Zonta Club of Pori I starts conversation on women, crime and punishment on International Women's Day
In celebration of International Women's Day and Rose Day, the Zonta Club of Pori I, Finland, held a special public event to discuss women, crime and punishment in Finland with Kaisa Tammi. Kaisa is a long-time prison director who has done significant work developing Finnish female prisoners' functions, safety, conditions and network work. She is currently a director at the Hämeenlinna Prison and Probation Center, responsible for the National Women's Special Work of the Prison and Probation Service of Finland.
Last fall, Kaisa published an autobiographical book, The Boss of Women's Prison, where she talks about growing up in a rough neighborhood to becoming a prisoner director.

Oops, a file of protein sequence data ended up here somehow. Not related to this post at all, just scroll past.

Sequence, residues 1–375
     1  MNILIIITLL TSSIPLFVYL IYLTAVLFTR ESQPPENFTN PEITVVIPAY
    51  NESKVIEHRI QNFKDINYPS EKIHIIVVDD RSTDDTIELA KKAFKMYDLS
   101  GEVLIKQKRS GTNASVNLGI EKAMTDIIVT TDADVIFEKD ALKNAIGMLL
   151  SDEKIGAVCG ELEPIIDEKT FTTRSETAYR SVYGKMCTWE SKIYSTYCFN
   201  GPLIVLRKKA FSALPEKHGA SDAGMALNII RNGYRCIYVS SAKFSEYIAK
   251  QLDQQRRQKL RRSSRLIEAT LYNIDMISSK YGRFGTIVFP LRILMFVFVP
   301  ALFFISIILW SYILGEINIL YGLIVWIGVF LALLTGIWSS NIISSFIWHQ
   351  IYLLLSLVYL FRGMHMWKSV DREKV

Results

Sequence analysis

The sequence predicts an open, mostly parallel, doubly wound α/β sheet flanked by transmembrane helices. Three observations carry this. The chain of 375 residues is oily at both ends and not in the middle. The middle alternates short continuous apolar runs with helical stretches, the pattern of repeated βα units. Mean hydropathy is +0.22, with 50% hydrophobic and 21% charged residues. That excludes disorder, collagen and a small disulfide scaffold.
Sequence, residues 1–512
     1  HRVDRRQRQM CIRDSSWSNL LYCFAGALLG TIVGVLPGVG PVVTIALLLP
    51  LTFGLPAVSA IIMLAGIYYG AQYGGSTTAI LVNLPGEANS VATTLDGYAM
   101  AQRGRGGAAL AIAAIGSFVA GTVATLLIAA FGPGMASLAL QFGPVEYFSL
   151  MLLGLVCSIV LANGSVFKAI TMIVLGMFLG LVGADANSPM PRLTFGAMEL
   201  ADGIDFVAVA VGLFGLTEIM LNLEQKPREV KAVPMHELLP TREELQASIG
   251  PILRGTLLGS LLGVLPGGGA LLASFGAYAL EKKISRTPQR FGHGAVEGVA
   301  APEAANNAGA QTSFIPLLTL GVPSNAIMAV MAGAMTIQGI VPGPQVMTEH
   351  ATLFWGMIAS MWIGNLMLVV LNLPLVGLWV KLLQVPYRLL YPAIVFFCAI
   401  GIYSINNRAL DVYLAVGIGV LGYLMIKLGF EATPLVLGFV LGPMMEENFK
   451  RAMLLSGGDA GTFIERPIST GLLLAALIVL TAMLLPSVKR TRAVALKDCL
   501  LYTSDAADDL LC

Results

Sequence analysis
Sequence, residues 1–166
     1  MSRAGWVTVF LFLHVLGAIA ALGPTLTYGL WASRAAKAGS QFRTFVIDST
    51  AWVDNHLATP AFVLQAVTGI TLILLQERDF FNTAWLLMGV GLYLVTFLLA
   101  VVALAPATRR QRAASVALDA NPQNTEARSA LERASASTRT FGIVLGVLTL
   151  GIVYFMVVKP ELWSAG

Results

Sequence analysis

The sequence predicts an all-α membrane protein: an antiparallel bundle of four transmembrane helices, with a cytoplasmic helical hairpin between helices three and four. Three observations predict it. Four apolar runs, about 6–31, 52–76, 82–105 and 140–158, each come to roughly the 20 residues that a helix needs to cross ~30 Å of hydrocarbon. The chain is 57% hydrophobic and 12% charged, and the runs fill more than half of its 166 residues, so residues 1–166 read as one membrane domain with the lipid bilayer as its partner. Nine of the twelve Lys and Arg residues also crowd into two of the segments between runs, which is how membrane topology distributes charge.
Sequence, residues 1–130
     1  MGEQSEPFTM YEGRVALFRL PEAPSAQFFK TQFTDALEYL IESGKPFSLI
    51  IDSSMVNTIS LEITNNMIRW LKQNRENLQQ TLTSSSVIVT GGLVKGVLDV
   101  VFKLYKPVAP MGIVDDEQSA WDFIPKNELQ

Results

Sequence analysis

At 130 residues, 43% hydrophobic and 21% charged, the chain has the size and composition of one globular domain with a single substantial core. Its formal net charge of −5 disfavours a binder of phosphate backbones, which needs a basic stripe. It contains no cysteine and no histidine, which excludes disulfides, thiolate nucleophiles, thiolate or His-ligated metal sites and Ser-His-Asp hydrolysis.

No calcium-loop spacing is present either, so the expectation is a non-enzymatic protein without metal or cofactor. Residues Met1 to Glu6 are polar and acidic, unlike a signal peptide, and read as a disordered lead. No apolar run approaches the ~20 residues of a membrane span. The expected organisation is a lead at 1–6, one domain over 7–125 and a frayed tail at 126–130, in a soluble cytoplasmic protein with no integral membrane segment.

Although the number of incarcerated women is low in Finland, the club felt explaining why women go to prison is important because a lot had to happen. Many women in prison have been victims of childhood abuse and sexual violence, often at the hands of loved ones. The consequences of these mistreatments often lead to the loss of one's boundaries or self-respect. Kaisa explains that in prison, suicidality, eating disorders, addictions and avoidance are considered women's symptoms. Many incarcerated women need empowerment, emotional regulation and security. Kaisa admits that prison is not an effective problem-solving tool. However, sometimes prison is the rock bottom needed to set change in motion, with the thinking, "you can survive even the worst situation, but not without support."